“Williams found his niche with a little help from Edward Maggs,” Daze continues, “the man who inherited the family firm. 'There might have been something brewing in Ed’s mind that we needed to cover this demographic,’ says Williams.”
“It really began when I started cataloguing all this proto-counter-culture American Beat stuff from the 50s and it did really well – I sold about 80 per cent of it. I designed a catalogue based on Ginsberg’s Howl, the same size and typeface. It did well, people liked it and I realised I had the right skills for the subject.”
Asked by AE Monthly how he arrives at valuation for the items he sells, Williams acknowledged it was not an easy call because, “It’s rare to sell the same thing twice.”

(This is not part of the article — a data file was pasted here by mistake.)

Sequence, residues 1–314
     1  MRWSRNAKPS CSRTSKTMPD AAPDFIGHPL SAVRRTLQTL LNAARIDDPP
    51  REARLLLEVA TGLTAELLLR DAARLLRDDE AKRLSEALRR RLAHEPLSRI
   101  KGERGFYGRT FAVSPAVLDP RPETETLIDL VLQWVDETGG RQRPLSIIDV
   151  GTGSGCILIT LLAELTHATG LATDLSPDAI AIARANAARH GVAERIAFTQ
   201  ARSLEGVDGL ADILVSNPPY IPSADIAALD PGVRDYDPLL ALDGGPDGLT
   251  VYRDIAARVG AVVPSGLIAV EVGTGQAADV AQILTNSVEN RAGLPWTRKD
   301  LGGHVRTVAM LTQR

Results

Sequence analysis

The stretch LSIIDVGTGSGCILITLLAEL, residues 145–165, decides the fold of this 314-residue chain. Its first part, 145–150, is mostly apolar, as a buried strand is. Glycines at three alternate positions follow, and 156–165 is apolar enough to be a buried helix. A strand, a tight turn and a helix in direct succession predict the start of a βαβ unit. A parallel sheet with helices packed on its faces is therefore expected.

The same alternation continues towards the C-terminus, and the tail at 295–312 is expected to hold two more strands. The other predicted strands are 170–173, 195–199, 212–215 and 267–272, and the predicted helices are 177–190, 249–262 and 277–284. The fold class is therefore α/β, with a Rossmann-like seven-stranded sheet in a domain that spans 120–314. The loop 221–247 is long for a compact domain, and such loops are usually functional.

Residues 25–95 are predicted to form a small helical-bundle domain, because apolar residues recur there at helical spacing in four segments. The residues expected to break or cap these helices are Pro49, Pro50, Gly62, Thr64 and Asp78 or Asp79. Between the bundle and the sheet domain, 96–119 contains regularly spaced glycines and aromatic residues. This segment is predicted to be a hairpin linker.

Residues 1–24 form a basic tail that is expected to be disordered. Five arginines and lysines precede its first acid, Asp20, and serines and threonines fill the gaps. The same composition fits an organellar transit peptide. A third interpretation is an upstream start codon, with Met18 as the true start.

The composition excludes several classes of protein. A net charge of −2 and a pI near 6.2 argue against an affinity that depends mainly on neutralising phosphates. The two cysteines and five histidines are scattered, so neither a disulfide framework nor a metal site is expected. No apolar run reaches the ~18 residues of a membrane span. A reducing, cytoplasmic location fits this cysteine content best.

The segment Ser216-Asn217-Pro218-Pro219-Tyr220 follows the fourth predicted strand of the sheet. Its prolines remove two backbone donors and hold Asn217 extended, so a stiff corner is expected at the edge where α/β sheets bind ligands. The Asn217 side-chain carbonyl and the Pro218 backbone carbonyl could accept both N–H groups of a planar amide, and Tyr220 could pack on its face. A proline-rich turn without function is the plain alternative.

“At Maggs,” he said the bottom prices start at “about 35 pounds.” They go up from there to “as much as a million Euros.” And though the field may be of enormous popular interest at the moment, he can count his “serious customers” on the fingers of two hands. For him, that’s an improvement, “I only had one before.”
As for future trends, Williams said predictions are not his specialty, but it wouldn’t surprise him if one day he started offering “hard drives and email transcripts.” That day has not yet arrived, but quoting Hegel, “the owl of Minerva flies at dusk.”
That means we only know in hindsight what’s hot (and stayed hot), seldom in advance.